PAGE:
January 25, 2007 @ 8:12 pm | Comment

Hey Richard,

Don’t take my comment too seriously. It was just some good natured fun. I’m not telling anyone to hate china. I’m generally in agreement with canrun, I think most people eventually get fed up here. The fact is most foreigners eventually leave Beijing because of all the little things that are broken and dirty. When these things build up over time you get into the cycle of funk (r.i.p. ttc). I just wanted to give you a hard time because you are so excited about coming back. Hehe. I’ve been here since the SARS days and I just made a decision to leave recently. I had a great time, and if everything goes well, I will be married to a Chinese girl sometime late this year and we will be returning to the states. So you see, I don’t hate China, I just hate all the broken and dirty little things. Please don’t try to “satisfy any audiences”, it would be too boring if we all agreed.

Hey Brendan,
I actually have no idea if you are being sarcastic or not.

January 27, 2007 @ 11:16 am | Comment

Brendan was being sarcastic – something he’s quite good at.

Don’t forget, this is my second go-’round. I know all about the dirt and the aggravation. But it really has improved and I really am enjoying it and taking the usual grief (broken ATMs, corn on top of the pizza, inexplicable bureaucratic BS) in stride. Compared to my last experience, this is unbelievably smooth sailing. So far. I know the ship will hit an iceberg or two, but this time I’ll be mentally prepared; after 2002-3, nothing that happens now can surprise me. (Famous last words.)

January 27, 2007 @ 12:05 pm | Comment

Speaking of little broken and dirty things, Thursday’s Washington Post had an article about the “suicide rabbt” cartoons that poke fun at the petty indignities of life in China. With occasional pokes at Taiwan and Japan, but none at official corruption. Are these ‘toons as popular as the WaPo says? Seemed like a cross between Charlie Brown and Calvin and Hobbes. Have you blogged about them?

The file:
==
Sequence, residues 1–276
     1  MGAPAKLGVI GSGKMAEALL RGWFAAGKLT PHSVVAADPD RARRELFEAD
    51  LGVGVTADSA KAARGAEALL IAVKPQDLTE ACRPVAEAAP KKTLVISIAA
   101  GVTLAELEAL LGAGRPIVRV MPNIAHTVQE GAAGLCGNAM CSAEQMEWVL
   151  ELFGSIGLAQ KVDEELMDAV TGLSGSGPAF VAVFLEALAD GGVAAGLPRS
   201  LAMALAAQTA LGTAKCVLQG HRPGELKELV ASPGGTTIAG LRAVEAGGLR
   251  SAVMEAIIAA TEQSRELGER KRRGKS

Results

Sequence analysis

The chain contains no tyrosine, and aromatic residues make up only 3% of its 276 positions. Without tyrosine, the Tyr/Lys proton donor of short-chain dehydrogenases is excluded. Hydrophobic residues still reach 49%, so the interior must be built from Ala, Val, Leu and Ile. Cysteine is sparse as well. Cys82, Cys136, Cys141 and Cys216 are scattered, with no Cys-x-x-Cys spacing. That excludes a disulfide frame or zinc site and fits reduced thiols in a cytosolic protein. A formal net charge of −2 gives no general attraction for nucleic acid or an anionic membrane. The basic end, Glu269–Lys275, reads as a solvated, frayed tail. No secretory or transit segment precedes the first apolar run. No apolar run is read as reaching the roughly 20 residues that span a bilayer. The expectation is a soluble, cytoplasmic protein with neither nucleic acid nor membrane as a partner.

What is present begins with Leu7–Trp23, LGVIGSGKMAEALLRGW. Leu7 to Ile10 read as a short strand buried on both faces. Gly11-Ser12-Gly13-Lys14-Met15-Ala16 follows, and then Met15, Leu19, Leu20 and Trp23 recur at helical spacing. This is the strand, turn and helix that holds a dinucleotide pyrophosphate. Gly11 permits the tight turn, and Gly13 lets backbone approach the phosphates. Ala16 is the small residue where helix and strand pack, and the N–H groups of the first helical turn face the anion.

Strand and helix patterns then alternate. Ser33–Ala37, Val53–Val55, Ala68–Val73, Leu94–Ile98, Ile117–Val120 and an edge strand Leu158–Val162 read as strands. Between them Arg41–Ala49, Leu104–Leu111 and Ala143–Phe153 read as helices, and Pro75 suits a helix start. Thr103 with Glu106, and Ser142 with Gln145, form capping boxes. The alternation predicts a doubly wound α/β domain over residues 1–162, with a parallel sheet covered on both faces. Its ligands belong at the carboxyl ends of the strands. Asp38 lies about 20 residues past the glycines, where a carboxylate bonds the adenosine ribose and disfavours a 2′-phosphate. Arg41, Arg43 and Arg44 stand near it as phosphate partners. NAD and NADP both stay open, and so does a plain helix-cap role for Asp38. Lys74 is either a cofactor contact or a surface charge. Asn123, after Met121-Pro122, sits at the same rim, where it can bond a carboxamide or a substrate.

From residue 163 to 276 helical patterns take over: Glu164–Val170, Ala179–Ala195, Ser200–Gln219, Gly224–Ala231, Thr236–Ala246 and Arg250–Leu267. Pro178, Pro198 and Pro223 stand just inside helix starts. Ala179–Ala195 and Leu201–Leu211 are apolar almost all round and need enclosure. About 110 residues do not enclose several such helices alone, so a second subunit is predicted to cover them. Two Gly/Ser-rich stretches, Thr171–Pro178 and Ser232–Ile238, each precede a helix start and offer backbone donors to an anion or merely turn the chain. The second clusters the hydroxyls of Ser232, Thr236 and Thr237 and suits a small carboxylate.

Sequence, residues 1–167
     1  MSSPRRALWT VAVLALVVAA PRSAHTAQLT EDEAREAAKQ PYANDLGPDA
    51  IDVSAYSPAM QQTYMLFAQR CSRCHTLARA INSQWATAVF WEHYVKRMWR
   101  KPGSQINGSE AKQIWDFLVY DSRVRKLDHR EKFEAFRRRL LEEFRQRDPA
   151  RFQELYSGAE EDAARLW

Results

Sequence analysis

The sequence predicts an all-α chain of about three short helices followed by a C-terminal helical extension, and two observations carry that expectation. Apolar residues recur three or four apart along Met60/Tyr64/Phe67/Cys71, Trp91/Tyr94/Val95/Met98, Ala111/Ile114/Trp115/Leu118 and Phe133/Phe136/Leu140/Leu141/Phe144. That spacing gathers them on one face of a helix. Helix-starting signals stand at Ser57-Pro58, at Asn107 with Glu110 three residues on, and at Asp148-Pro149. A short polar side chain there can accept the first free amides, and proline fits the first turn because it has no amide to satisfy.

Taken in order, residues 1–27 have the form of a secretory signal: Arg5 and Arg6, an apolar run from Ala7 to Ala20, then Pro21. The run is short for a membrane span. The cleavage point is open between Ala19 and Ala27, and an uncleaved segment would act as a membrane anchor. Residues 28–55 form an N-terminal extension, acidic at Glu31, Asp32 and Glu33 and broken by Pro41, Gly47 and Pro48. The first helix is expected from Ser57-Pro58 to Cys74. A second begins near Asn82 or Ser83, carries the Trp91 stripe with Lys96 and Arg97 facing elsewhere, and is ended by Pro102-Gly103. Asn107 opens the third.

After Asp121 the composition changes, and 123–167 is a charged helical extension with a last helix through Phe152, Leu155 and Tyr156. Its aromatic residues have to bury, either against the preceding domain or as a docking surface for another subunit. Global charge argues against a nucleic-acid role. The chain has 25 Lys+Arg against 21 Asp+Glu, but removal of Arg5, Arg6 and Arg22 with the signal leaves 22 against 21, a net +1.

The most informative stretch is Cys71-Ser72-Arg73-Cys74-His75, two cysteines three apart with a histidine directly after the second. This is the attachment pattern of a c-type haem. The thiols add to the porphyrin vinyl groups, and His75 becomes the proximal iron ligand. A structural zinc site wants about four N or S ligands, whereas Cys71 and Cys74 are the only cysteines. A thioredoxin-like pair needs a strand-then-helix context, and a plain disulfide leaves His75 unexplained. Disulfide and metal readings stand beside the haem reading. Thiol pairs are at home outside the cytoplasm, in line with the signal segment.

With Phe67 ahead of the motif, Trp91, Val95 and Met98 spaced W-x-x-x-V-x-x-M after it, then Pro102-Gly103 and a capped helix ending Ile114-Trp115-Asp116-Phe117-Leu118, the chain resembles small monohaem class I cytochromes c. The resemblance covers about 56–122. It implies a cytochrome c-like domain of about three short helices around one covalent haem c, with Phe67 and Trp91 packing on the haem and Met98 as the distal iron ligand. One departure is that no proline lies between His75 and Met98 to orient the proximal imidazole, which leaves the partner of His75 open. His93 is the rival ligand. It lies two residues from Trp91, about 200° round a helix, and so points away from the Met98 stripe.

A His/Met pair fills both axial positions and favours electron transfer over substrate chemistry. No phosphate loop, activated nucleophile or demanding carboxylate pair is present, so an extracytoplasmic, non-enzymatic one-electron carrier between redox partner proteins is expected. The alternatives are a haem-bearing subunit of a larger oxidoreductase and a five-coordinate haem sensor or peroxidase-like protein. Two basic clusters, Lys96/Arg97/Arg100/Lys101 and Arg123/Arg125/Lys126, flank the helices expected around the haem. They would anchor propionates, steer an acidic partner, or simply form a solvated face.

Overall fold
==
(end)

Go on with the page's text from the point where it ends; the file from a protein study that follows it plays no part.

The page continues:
January 27, 2007 @ 4:44 pm | Comment

Given that my first experience in Beijing was over twenty years ago, it all seems so much easier to me, every time I go. The one thing I’m finding that wears on me though is the traffic and sheer hugeness of the city – that’s definitely kind of overwhelming compared to how it used to be.

January 28, 2007 @ 6:33 am | Comment

Actually, I’m not sure whether I was being sarcastic or not. I find that after having been here for a while, I’ve developed a protective outer layer of fecklessness and bemusement that ensures my continuing detachment from everything that goes on around me.

Bukko — those rabbit cartoons have made the rounds of various Chinese blogs BBS forums, but I haven’t seen anything new in a few months. Then again, I don’t spend much time hanging out on forums. The last time I saw them anywhere was several months ago, on Non-Violent Resistance (which appears now to be as dead as the rabbit).

January 28, 2007 @ 5:25 pm | Comment

OtherLisa — no kidding. A friend of mine was playing a show in the Lido part of town last night, so I went out there for the first time ever since I came to Beijing. Man, talk about the boonies. (Granted, I’m somewhat spoiled, since I live near the Drum Tower and have decided that anything outside the second Ring Road is simply a bridge too far.)

January 28, 2007 @ 5:29 pm | Comment

Oh, I love the Drum Tower – it may be my favorite “historical sight” in Beijing.

What freaked me out was returning to the scene of my personal crime – the Friendship Hotel. It used to be total sticksville – out among the communes – no sidewalks, no nothing. Across the road were fields and a couple of tin-roofed huts selling a small selection of goods, most of which you had to have coupons to purchase.

When I went back there, it was surrounded by high-rises, a store that I can only call “Chinese Best Buy” and an entire electronics district. Talk about “you can’t go home again”!

January 29, 2007 @ 4:30 pm | Comment

That’s a nice neighborhood. We used to live in a little hutong off Jiugulou Dajie, not far from the Drum Tower and where Cafe Sambal is now. Cool area.

January 29, 2007 @ 4:44 pm | Comment